f :: Str A -> Str Bwhere A is called the input alphabet and B is called the output alphabet. Here
Str A denotes the type of streams (infinite lists) over
A. One should think of
Stras defined coinductively. I use Haskell notations, particularly `::' for typing. .
Many programs and scripts that are written to be `filters' in a Unix environment provide examples of functions on streams. For example, the function that copies the input through, except that lowercase characters are replaced by their uppercase equivalent is a stream processing function.
A continuous function is however something more than a function on streams: to produce the next character of output, it should be necessary to examine at most a finite prefix of the input. By providing longer and longer portions of the input, one can be sure of obtaining output eventually.
Note that the filter `grep p' is not continuous according to this definition: it need produce no output when there is no instance of pattern p in the input. Not all Unix filters are continuous. A continuous function is `productive' or non-null in a certain sense.
There is more than one way to skin a cat, or formulate the notion of continuity. One can express it by quantification over streams. The following formulation, which is the subject of this note uses inductive and coinductive definitions rather than quantification over streams.
The central operator is a binary operator on types which I shall write with an infix '&'.T A B = (mu X) B + (A -> X)The values of a type
A&Bare well-founded trees in which there are leaves of type B, and node-branches are indexed by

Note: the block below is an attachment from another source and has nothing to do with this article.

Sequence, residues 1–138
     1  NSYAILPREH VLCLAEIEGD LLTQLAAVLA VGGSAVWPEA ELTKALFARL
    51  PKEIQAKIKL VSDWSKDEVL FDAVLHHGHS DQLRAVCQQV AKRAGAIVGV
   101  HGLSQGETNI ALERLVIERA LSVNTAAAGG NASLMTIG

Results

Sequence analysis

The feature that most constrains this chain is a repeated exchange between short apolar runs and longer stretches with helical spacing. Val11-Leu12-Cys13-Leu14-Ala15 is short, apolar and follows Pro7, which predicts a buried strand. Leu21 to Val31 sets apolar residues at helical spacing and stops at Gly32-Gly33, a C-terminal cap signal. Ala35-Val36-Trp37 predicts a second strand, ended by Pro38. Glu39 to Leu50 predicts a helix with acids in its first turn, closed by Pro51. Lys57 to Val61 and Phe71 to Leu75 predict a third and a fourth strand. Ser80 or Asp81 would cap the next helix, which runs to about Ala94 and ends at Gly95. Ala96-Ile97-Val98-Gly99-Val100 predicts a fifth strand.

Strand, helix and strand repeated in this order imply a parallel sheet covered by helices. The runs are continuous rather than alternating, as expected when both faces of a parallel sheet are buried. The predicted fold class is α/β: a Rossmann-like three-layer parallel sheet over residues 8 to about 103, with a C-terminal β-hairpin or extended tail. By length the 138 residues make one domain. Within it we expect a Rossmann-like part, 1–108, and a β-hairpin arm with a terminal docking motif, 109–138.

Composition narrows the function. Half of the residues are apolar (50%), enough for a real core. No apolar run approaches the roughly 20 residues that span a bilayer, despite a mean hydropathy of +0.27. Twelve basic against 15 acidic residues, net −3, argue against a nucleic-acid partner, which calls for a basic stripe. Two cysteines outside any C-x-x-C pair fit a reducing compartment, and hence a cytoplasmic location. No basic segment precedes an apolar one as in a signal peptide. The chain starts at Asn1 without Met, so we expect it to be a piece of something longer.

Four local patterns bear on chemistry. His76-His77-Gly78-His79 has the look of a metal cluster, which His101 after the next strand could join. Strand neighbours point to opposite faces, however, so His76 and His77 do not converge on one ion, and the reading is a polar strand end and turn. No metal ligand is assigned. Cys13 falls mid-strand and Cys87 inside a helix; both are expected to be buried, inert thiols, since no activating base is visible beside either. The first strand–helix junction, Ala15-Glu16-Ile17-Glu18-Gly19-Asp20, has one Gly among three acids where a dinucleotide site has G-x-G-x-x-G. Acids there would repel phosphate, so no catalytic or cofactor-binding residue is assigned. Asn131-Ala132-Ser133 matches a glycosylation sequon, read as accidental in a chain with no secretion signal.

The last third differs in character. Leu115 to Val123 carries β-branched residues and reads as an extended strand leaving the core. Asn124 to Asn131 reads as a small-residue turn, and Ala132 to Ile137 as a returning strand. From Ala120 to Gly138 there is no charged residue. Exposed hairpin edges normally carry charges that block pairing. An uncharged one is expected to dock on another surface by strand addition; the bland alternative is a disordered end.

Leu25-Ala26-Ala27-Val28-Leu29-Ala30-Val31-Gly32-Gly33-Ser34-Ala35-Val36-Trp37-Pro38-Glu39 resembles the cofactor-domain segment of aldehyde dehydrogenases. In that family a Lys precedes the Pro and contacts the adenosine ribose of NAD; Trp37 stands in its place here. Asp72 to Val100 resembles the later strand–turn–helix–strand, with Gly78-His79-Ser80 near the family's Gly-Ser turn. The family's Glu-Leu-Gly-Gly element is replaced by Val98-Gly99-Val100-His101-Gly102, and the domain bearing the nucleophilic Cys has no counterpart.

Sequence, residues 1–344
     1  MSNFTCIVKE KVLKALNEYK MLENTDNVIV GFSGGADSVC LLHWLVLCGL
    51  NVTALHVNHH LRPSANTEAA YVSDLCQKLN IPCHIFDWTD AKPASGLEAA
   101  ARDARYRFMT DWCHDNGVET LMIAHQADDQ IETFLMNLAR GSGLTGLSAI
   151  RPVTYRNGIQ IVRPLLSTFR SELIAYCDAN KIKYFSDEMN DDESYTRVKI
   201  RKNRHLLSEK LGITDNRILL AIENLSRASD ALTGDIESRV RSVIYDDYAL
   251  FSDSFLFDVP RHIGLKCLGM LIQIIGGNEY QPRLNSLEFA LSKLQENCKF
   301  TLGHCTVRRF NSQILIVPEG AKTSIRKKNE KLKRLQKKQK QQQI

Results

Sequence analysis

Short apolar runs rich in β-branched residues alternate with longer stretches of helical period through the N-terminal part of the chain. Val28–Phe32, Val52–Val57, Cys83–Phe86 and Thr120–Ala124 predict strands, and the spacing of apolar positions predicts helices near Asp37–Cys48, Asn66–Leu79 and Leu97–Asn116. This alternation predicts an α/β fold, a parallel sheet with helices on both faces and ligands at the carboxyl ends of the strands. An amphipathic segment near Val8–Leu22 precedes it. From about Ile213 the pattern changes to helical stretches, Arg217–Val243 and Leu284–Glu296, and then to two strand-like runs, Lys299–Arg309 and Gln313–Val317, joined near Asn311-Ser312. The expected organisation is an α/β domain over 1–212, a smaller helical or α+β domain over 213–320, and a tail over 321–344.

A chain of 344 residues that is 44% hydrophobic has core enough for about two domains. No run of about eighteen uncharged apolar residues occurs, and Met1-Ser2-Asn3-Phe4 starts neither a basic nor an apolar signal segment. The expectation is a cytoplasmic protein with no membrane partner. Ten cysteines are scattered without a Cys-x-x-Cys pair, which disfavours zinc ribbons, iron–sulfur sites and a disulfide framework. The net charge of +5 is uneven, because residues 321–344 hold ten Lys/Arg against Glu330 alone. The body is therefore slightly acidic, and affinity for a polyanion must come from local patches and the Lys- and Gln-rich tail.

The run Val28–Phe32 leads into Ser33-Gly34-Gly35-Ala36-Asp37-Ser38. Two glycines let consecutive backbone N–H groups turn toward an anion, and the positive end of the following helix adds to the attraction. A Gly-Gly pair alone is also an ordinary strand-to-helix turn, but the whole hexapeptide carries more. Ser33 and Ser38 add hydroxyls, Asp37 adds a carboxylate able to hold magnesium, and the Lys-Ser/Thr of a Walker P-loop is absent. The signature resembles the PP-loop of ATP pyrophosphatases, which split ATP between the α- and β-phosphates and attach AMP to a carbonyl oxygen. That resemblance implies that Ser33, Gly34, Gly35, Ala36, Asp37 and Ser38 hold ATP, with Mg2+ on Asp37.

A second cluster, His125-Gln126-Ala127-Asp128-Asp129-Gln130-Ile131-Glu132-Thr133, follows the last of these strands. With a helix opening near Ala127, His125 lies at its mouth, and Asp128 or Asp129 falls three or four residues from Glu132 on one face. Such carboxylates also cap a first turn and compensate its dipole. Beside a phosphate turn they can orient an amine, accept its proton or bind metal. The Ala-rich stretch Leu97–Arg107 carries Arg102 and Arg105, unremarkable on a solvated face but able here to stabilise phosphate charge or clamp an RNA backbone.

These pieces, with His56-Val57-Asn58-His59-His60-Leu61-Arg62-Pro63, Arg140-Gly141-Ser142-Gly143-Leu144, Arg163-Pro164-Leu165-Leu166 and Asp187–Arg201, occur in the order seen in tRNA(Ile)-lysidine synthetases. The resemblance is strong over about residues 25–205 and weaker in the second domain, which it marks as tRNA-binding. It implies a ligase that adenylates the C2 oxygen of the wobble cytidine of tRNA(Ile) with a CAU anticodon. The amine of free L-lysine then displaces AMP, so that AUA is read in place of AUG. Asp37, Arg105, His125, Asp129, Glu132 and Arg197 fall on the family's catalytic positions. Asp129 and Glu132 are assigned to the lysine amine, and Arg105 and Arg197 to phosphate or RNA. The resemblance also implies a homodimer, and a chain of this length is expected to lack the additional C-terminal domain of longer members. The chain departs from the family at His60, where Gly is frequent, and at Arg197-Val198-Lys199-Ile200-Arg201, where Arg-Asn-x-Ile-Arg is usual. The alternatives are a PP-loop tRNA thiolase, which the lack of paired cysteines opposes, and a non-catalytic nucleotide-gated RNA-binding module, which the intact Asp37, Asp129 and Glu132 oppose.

A. We can define a function which interprets such a tree as a program of a certain kind. We write this function with an infix `££':(££) :: T A B -> Str A -> (B, Str A) (inl b) ££ input = (b, input) (inr f) ££ (a:input') = (f a) ££ input'The program reads a prefix of the input stream, then emits an output character and stops, returning a value of B, paired with the unconsumed suffix of the input stream.
One should think of the definition as using induction over T(A,B). (A catamorphism.)
Now to model stream processing functions
Stream A -> Stream B, I propose the following coinductively defined type
Prog(A,B).Prog(A,B) = (nu X) T A (B,X)Such an program consumes some finite prefix of the input, then delivers a character and a new version of itself to apply to the unconsumed input. We express this with an infix `%':(%%) :: Prog(A,B) -> Str A -> Str B p %% input = let ((c,p'),input') = p ££ input in c : p' %% input'A continuous function
:: Str A -> Str Bis one which is obtained as the image of a program in Prog(A,B) under the interpretation
One should think of this definition as using co-induction into Str(B). (An anamorphism.)
It is interesting that the type
Prog(A,B)has both inductive and co-inductive aspects, with the former "inside" the latter.Prog(A,B) = (nu X)(mu Y)((B,X) + (A -> Y)
Note that the alphabets need not be finite. The cardinal of the alphabets plays no role above. However it may be interesting to look at the case when the input and output alphabets are finite, eg the binary digits. In that case we are looking at continuous functions over Cantor space. We have a (relatively well-known) inductive description of the functions from Str(2) to 2, and we use the trick above to describe the functions from Str(2) to Str(2).
There is a `piping' combinator on continuous programs that appears to reflect composition. A suitable operation is defined here in a Haskell program, written for the sake of type-checking the definition. That the operation reflects composition remains to be proved.
Peter G. Hancock Last modified: Thu Oct 30 09:38:47 GMT 2003